Jackson joins his teammate fullback Derrick Coleman in recent traffic news headlines. Coleman was involved in a two-car accident that left the driver of the other car injured. This accident occurred last week in Bellevue. Coleman was initially arrested on suspicion of vehicular assault and hit-and-run, but he was released the next day. Charges have not yet been filed and investigation is pending. Coleman’s suspension with the Seahawks was lifted, but he did not play in Thursday’s game due to concussion, assumed to be resulting from the accident.

Seahawks coach Pete Carroll reported that Jackson addressed his accident with the team, asking his teammates to drive safely. Carroll stated he was “disappointed” in both Jackson and Coleman’s accidents and he wanted to use the opportunity to remind all of the players to drive cautiously and carefully.

Whether you are a Seattle Seahawk or an Average Joe, it is highly advised that you work with an experienced traffic attorney when facing traffic related charges. A skilled traffic attorney will perform a comprehensive investigation to fully understand the details of your situation and obtain a favorable outcome. Our traffic attorneys at Dellino Law Group have been widely successful in achieving case dismissals when possible and settlement negotiations or reduced charges when appropriate. Contact us today for a Free Consultation, and please………… drive safely.

With traffic patrols in King County on the rise, so is the need for an experienced traffic attorney

Drivers in King County should be aware that increased targeted traffic patrols are coming soon. The Seattle Times reports that Metropolitan King County Council approved funding for increased traffic enforcement last week.

$100K in supplemental funding was approved to go toward King County deputy salaries, geared at emphasizing traffic patrols in certain areas throughout the county. This will allow for an extra 1,100 hours of patrols in specified areas with the goals of targeting speeders, drunk drivers, and keeping school zones safe. The article specifies some of the roads that will see increased patrols.

With the increase in traffic patrols comes an increase in risk of being pulled over, and being pulled over for a traffic violation can be a very stressful and emotional experience.

Please see our tips for what to do if you are being pulled over for a traffic violation in Washington State:

  • Pull over safely: As soon as you see a police car trying to pull you over, put on your turn signal and pull over to the right as safely as possible. Turn off your radio, put your car in park, and try to have your license, registration, and insurance ready before the officer approaches.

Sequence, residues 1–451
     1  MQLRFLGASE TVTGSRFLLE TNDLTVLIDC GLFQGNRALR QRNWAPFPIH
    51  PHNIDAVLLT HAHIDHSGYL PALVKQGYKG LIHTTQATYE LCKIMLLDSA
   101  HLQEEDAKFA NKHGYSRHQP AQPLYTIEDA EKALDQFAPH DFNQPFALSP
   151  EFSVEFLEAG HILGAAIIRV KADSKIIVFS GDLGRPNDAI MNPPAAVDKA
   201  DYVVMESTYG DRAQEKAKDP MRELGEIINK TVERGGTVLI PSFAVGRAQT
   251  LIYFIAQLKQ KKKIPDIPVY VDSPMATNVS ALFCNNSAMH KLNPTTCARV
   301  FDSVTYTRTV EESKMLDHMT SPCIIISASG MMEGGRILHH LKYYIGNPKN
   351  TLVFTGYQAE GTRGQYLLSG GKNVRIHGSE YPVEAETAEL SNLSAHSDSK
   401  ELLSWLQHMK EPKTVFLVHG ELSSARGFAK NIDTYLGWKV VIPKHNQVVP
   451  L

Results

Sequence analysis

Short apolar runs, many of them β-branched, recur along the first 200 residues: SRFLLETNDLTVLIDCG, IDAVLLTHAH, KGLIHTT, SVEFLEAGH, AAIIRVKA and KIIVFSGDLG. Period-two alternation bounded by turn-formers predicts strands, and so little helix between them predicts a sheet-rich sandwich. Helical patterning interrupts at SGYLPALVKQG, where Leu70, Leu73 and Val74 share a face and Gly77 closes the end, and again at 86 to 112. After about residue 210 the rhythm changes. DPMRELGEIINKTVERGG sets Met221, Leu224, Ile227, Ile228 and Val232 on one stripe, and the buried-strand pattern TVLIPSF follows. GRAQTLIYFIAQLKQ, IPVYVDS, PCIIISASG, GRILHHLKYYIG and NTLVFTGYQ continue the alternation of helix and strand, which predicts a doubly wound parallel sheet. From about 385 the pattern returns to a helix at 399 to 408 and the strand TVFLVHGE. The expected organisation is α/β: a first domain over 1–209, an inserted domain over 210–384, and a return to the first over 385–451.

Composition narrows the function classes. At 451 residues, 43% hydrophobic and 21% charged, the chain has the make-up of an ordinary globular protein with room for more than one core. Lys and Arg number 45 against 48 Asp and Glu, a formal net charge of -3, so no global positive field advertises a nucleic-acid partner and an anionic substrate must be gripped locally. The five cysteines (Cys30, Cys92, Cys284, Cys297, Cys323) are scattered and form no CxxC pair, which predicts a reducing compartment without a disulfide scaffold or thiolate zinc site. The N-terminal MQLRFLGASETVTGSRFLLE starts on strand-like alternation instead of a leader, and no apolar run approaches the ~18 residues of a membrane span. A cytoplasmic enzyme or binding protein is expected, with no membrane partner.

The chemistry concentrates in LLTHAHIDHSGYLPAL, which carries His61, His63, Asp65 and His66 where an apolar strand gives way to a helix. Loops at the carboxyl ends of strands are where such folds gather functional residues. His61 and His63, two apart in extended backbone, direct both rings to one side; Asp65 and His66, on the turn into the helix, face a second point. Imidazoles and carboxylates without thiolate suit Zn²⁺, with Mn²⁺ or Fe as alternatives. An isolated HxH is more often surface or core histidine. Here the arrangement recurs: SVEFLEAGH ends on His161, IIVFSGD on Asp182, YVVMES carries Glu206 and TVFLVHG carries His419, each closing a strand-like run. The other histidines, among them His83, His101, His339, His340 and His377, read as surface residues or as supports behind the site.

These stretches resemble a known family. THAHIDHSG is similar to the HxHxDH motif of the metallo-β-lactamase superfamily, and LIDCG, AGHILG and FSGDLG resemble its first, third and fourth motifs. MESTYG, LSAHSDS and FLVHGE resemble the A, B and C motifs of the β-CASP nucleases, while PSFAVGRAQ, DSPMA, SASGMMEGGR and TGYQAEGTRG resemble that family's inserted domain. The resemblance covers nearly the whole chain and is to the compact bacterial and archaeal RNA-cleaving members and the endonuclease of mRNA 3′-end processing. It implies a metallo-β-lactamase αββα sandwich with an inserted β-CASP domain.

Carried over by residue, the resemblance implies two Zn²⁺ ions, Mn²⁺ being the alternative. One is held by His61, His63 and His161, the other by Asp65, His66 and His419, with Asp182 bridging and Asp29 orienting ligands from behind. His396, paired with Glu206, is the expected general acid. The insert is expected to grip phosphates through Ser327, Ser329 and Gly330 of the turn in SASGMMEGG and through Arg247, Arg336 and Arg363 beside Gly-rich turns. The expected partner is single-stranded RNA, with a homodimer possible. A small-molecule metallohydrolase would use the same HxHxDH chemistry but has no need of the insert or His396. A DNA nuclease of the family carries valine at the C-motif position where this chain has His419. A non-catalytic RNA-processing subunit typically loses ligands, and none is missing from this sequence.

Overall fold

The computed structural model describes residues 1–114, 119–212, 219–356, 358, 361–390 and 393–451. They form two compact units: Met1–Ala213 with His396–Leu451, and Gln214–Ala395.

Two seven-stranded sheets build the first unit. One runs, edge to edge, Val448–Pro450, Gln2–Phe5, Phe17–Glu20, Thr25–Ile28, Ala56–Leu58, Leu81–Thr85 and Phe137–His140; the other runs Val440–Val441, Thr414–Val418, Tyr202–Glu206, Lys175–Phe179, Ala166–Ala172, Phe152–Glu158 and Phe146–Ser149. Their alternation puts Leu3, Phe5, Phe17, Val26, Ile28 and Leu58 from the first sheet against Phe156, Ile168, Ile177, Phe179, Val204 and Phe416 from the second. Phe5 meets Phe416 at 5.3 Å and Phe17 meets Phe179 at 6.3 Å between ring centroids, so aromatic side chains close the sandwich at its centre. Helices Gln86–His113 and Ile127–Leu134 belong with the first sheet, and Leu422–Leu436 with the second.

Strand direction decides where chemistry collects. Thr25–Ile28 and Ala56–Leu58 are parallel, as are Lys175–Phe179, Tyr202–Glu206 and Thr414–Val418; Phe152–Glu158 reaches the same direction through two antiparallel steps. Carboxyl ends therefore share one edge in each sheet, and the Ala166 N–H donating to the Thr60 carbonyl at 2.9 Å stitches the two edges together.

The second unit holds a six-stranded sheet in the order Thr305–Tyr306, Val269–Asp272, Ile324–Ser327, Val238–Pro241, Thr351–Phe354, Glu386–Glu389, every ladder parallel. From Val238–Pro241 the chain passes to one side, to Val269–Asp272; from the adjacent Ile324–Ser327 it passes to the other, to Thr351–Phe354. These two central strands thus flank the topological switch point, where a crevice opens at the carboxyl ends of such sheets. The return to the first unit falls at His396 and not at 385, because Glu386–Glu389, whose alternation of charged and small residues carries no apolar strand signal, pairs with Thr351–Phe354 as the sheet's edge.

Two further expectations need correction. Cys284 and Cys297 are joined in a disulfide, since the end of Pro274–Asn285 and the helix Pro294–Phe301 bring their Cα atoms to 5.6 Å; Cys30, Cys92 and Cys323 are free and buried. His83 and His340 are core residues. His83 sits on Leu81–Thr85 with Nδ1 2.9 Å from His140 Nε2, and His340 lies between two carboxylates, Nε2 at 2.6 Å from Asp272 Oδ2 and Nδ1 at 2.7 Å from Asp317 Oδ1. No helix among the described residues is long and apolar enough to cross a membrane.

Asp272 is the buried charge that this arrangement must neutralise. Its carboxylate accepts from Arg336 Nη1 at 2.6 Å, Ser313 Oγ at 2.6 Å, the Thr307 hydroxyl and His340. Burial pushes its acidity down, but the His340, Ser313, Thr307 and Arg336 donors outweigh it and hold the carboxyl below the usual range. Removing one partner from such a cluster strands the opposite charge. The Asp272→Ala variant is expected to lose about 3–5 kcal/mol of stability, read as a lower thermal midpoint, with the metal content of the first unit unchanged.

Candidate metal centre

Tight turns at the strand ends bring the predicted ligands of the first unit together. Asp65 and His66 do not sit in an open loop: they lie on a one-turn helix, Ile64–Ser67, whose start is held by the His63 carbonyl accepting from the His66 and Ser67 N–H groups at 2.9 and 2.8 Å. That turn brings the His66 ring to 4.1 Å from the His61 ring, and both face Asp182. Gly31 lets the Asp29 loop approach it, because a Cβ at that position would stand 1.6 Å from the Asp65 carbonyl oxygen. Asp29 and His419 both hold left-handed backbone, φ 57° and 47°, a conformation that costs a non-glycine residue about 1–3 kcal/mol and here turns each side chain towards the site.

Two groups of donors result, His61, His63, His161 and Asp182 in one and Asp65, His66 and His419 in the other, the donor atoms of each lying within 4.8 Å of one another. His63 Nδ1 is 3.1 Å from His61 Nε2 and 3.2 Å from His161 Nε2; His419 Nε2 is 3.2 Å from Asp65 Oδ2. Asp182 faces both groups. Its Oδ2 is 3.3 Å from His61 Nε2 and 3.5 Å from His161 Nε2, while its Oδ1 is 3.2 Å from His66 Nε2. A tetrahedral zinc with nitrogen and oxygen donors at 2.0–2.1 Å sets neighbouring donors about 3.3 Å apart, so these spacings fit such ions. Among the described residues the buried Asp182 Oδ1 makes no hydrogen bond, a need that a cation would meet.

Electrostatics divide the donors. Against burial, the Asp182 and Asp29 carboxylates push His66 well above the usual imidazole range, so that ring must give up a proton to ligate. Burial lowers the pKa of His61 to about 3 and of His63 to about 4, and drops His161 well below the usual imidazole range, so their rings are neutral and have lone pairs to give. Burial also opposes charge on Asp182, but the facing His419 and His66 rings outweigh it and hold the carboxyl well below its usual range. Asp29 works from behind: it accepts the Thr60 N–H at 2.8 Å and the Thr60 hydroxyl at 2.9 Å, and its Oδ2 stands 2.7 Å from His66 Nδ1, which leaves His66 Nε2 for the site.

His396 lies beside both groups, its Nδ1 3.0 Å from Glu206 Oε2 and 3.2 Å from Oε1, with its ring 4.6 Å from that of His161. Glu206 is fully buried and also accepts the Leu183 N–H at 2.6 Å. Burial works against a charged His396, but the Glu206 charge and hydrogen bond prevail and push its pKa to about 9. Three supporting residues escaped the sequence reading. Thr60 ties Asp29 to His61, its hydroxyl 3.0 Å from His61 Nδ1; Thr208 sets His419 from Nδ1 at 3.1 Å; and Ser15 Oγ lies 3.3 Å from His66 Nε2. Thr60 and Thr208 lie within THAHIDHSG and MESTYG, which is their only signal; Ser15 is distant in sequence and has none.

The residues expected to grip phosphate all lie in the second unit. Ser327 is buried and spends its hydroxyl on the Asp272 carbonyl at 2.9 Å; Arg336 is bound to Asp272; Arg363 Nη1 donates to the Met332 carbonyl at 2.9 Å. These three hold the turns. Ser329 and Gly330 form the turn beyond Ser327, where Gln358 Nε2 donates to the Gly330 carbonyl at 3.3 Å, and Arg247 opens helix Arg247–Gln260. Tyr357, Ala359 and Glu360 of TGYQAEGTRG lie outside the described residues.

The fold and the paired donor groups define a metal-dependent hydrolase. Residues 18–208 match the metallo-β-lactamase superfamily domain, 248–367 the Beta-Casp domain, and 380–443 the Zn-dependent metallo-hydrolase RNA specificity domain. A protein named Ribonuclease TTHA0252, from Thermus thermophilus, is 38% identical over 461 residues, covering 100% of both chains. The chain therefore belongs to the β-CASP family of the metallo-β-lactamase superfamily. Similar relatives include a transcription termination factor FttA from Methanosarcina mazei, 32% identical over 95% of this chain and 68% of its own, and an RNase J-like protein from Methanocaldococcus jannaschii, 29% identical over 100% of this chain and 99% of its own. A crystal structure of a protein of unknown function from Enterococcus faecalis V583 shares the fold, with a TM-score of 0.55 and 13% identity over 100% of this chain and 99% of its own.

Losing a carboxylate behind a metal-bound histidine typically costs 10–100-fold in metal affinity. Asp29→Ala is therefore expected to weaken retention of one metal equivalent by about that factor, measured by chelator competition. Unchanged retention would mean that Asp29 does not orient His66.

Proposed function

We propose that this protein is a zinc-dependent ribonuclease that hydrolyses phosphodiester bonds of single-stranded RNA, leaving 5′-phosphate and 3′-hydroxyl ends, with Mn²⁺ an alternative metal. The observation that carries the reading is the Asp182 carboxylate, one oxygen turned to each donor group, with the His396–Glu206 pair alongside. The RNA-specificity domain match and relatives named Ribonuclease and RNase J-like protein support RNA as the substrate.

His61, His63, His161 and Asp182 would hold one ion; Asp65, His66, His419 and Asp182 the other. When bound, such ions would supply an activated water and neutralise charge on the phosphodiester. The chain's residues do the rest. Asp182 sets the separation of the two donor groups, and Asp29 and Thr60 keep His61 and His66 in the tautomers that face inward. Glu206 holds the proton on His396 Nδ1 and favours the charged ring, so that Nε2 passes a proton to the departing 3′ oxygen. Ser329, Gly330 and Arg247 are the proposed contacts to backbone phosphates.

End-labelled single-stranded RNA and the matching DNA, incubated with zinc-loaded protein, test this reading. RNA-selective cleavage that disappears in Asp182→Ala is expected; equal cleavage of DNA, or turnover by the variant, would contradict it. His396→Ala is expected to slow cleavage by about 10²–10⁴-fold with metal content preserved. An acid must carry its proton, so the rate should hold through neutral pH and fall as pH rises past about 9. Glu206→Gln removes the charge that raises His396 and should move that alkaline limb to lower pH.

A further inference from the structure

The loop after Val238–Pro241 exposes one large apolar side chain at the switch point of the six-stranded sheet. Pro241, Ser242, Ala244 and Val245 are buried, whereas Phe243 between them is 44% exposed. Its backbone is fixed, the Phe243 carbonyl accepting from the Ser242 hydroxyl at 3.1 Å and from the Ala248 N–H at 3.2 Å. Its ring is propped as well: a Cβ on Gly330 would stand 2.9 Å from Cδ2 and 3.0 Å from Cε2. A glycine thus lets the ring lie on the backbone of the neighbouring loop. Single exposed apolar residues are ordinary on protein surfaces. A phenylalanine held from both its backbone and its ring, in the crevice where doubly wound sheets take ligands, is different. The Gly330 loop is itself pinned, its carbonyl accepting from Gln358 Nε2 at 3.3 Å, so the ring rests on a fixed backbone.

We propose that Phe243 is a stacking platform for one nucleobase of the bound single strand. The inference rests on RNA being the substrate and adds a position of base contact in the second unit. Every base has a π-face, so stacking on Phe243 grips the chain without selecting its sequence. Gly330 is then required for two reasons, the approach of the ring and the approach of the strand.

• Make the officer comfortable: Roll down your window. Have your hands where the officer can see them. Don’t rummage through your glove box. If you don’t already have your documents out, wait to get them until you advise the officer of your intentions.
  • Be polite to the officer: Being rude, accusatory, or overly defensive is only going to hinder the situation.
  • Do not incriminate yourself: Don’t admit to anything or answer trick questions like “Do you know why I pulled you over?” What you say can imply guilt and potentially be used against you later in court, but your silence cannot. A reasonable reply to this or a similar question might be, “I’m not sure, officer.”
  • Accept the ticket you receive: Sign the ticket when the officer asks you to. This is not an admission of guilt. It is simply an acknowledgement of receipt of the citation.
  • Drive safely to your destination: Don’t let this ruin your day.  Avoid panic and anger by contacting our experienced traffic attorneys as soon as possible to begin fighting your citation.

Why should I work with a traffic attorney?

There are multiple reasons why working with a traffic attorney is advised more often than not. Please see our prior blog post for additional detail.

  • Traffic tickets are very often quite beatable:  Don’t underestimate your likelihood of winning. With an experienced attorney, your chances of a preferable outcome or a complete dismissal are much greater.
  • There is a lot at stake:   Penalties are significant. In addition to fines, traffic tickets can significantly affect your insurance rates, privilege to drive, and in some cases even your job.
  • License Suspension:  Depending upon the severity of the infraction and past driving history, you may lose your privilege to drive.

Our Traffic Ticket Services: